On the last day of work for Lost on the River, the 2014 album based on newly unearthed Bob Dylan lyrics, Rhiannon Giddens sang her own ballad “Angel City” for the rest of the cast, including Elvis Costello and My Morning Jacket’s Jim James. Giddens had written the tune as raw gratitude — the sessions were her first collaboration with that sort of rock-star company. “This was my gift,” she says, telling them, “ ’You were all so good to me.’ ”
“Angel City” is the climax of Tomorrow Is My Turn, Giddens’ solo debut after a decade in the string band the Carolina Chocolate Drops. The rest of the record, produced by T Bone Burnett, is a spiritual archaeology of American racial and economic struggle via sublime covers of songs identified with Nina Simone, Patsy Cline and Elizabeth Cotten, among others. “Angel City” is now a thanks to “these women who came before,” Giddens says. “I’m standing on their shoulders.”
Giddens, 37, first shot to wider fame in 2013 with her regal vocal electricity in Another Day, Another Time, a Burnett-curated revue at New York’s Town Hall celebrating the Sixties folk revival. “Great actresses have a quality where they get into a room and they’re just into it, doing the scene without doing the scene — she had that,” Burnett says of Giddens, who studied opera at Oberlin Conservatory. He claims he first proposed doing a solo LP with her at rehearsals for that show.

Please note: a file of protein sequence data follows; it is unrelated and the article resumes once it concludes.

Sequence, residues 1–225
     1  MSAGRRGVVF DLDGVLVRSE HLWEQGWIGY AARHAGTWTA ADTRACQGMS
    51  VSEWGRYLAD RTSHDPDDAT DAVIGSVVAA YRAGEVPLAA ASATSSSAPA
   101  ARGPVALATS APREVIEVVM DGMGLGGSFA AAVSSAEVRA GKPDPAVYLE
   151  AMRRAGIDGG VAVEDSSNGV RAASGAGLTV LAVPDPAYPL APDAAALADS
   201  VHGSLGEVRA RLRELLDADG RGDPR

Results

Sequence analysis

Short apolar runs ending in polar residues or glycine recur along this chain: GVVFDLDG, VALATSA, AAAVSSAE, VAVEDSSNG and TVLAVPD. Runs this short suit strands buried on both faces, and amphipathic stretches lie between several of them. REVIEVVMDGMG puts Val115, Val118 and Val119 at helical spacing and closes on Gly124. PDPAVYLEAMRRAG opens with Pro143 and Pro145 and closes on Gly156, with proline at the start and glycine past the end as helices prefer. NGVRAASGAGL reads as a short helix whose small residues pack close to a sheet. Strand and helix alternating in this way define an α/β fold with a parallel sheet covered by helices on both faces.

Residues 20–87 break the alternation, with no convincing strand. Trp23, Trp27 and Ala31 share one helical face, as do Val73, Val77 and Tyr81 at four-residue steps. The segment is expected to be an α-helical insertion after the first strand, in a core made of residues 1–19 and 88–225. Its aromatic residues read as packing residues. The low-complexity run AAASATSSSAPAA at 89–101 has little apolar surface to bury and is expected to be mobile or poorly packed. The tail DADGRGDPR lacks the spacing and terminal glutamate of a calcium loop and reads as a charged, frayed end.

Married and a mother of two, Giddens grew up in Greensboro, North Carolina, born into the kind of stories she tells on Tomorrow and her four albums with the Drops. A great-grandfather was a rum runner. When her white father and black mother wed, “it was a huge deal, even for Greensboro,” Giddens notes grimly. “They had to go to another town to get a license.”
Founded in 2005, the Carolina Chocolate Drops were a dance band with a mission, excavating the personal histories and historical narratives, black and white, in folk music. Giddens, still a member of the group, recalls talking with choreographer Twyla Tharp about a dance Tharp based on the Drops’ version of “Ruby, Are You Mad at Your Man?” by the old-timey singer Cousin Emmy: “She said, ‘I want to know, who’s Ruby?’ I realized Ruby represents these women like Emmy who have done so much amazing music before me. So when T Bone asked me, ‘What is the record of your dreams?’ I said, ‘Finding Ruby.’ That’s what I want to do.”